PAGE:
I woke up this morning to another headlining story of a school shooting. This shooter managed to exceed other shooters in their mission to create the biggest bloodbath in a school shooting. Yep, our youth are in competition with one another over the most lives lost at their hands.
The Gradual Desensitization of School Shootings
Meanwhile, our country has been desensitized to kids losing their lives over gun violence. It’s another shooting on another day in another city. We find ourselves giving our kids an extra kiss at the morning bus stop with a silent hope to the universe that we see our kids return at the end of the day. That’s where we are America: We hope our children return to us after a day of learning at their schools. You see, the world we live in has shown us that this is no longer our guarantee. Too many news trucks have captured disturbing images of children of all ages, colors, cultures, backgrounds, ethnicities, and socioeconomic status emerge from their school buildings with their hands in the air. Their innocence has been stolen, their lives forever changed, their trust in America shaken. And those are the lucky.
Fingers are pointed and blame is tossed around. Mothers Against Violence compete with our 2nd amendment right to bear arms. Gun lovers believe teachers should bear the responsibility by keeping ammunition in their desk drawers next to post-it notes and pencils. All the while, administrators believe our government should aid in passing laws to keep our children safe. Everyone loosely talks about mental health awareness and how we need to “get crazy people off the streets,” yet that very verbiage describes all that is wrong with educating on mental health.
What “they” Say About School Shooting
Stand up and fight for what you believe in, they say. Yet it gets lost, because someone else is always there to offer a Facebook banter that leaves you defeated. What’s the point in standing up when you will quickly get shot down? What is the point in using words that fall upon deaf ears?
Know where your vote is going and what your politicians stand for, they say. That is only good until your politician is forced to vote for or against their party lines in an effort to make a deal on a different issue. The United States currently has so many impassioned differences amongst us that it is hard to choose which is the most prevalent in the moment of a vote.
Educate your kids at home and teach them to be kind, they say. That’s great, but that does little to keep your child safe when the world is bigger than your small house. The reality is that all kids are not created in the same environment. Life is tough, reality is tough, parents may be doing the best they know how to do and it isn’t enough to reach their child. Mental health issues exist. They are real. Kids are not getting the resources they deserve to be their most successful selves. Kids are bullied and pushed to their limits during a time in which their brains are not yet fully formed and their cerebral cortex has years before fully formed rational thinking. This isn’t an excuse for all of the sadness, but a scientific reality.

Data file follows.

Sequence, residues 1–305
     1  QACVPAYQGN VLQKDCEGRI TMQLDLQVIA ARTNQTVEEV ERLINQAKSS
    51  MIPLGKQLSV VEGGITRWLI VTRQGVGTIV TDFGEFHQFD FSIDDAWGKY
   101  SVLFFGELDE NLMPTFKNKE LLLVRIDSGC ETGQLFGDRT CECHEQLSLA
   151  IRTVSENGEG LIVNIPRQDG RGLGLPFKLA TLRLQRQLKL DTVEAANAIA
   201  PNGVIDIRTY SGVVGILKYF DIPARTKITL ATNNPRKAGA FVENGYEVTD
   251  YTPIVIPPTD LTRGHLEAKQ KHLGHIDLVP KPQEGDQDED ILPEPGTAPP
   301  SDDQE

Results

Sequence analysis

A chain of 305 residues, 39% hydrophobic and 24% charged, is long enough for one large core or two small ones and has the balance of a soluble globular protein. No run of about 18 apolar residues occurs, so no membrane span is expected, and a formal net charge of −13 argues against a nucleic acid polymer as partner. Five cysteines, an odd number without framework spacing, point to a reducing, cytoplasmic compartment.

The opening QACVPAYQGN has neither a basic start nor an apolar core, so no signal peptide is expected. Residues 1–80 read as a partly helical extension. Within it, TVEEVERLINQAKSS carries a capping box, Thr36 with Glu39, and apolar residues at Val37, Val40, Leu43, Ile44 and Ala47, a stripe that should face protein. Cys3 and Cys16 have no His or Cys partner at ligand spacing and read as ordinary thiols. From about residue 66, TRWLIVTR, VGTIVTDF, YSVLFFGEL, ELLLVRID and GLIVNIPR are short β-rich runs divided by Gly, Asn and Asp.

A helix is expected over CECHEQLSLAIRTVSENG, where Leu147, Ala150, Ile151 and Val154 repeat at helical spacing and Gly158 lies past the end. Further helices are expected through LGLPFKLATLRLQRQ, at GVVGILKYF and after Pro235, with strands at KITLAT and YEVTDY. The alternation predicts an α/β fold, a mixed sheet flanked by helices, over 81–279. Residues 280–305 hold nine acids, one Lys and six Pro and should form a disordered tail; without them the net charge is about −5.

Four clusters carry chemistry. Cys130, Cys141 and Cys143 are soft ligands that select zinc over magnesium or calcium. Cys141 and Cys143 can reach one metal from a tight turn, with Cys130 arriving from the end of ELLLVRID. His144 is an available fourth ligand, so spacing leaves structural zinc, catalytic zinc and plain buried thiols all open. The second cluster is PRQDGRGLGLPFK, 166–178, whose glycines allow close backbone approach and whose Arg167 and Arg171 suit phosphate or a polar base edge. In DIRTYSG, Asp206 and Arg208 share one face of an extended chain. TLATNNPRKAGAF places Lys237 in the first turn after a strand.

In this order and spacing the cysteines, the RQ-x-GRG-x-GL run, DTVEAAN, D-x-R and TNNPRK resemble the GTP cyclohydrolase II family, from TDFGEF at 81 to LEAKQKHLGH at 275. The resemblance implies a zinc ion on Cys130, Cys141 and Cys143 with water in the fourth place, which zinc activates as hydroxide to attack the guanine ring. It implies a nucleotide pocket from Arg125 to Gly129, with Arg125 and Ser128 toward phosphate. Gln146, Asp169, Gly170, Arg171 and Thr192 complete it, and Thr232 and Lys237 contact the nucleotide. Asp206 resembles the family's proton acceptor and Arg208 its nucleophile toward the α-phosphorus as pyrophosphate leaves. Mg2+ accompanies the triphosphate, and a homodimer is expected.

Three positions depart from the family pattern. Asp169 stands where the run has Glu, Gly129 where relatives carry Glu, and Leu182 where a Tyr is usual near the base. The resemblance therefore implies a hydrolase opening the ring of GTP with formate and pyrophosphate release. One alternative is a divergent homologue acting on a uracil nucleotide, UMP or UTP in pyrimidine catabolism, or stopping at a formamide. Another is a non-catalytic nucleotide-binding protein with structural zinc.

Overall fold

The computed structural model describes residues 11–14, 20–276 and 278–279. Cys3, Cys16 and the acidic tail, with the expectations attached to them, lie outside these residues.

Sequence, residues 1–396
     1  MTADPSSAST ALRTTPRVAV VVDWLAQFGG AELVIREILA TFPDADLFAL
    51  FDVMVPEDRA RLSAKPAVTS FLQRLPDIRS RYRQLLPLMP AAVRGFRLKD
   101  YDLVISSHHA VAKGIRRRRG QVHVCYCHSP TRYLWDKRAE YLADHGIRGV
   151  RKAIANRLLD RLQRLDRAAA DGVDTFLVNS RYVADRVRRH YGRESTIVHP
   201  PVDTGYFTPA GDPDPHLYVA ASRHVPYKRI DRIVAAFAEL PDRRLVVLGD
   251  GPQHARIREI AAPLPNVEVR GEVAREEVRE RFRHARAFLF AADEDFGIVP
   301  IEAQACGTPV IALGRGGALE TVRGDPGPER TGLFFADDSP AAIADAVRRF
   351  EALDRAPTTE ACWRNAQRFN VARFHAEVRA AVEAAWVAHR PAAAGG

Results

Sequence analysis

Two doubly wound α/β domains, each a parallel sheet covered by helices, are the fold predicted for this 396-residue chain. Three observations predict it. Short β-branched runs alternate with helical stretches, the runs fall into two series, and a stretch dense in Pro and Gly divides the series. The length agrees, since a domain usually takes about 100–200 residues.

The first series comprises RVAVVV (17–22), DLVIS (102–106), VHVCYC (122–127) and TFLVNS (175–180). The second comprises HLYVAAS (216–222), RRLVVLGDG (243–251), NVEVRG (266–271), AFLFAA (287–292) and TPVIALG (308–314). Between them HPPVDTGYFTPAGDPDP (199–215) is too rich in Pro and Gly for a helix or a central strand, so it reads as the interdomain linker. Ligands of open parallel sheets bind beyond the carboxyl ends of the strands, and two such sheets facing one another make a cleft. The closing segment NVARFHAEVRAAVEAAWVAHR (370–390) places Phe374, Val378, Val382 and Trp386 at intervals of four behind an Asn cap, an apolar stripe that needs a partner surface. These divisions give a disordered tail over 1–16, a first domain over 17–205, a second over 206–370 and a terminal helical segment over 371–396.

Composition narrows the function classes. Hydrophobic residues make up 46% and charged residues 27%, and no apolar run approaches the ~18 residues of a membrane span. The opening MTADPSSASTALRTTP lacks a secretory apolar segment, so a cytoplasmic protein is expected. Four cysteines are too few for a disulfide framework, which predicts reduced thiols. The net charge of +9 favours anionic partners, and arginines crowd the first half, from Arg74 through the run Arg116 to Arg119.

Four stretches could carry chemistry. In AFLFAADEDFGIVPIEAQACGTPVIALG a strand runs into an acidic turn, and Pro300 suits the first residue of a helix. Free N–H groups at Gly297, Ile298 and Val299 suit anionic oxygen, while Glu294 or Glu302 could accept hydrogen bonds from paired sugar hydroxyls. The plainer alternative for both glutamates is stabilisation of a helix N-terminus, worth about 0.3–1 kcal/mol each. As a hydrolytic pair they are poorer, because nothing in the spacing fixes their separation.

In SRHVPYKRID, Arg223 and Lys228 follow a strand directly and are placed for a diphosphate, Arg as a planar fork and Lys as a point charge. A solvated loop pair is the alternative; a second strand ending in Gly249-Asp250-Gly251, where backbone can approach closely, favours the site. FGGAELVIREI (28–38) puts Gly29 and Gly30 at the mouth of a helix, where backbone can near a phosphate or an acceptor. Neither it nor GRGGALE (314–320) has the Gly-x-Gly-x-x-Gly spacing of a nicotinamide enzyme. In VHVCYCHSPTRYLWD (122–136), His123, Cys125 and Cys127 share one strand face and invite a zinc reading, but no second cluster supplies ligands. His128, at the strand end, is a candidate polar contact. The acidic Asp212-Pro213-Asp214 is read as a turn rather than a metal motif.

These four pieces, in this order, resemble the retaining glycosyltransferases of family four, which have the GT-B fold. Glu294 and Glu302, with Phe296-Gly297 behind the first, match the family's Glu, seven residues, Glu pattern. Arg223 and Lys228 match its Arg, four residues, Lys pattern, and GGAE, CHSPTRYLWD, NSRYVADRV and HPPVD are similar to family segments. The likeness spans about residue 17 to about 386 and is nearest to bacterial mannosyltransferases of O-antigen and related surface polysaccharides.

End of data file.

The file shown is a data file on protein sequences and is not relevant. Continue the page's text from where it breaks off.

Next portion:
Talk to your kids about guns not being toys. How many parents at Parkland do you think had the talk with their children about not playing with guns? How many parents in Newtown told their children that guns are not toys and they should not be touched without learning how to properly use them first? Maybe the victims’ parents were ones that did their due diligence by checking to ensure there were not guns in the homes of their friends. Maybe the victims’ parents had guns within their own homes and had taken the necessary steps to teach their children how to safely operate a loaded weapon and treat it with the respect it deserves. All of those things became irrelevant when those same kids found themselves in a locked down school with a 19-year old. A 19-year old who did not respect the lives taken by his ability to legally obtain an assault weapon.
Even with all of the advice I keep reading from differing sides of opinions, it wasn’t enough. Will it matter what we teach our children? What if one of these heartbroken parents from Parkland, or Newtown, or Columbine told you that they did all of the things people are suggesting? Perhaps they researched politicians. Perhaps they spoke out against the laws they felt strongly for or against. Perhaps they taught their children to be inclusive and kind and considerate. It didn’t matter. Those parents watched the news unfold from their smart phones, all the while hoping and praying that they would see the children that they thought they had done everything right for. The reality is that you can do everything right as a parent and as an educator, and find yourself in the wrong place at the wrong time with the wrong kid enrolled in your school or living in your zip code.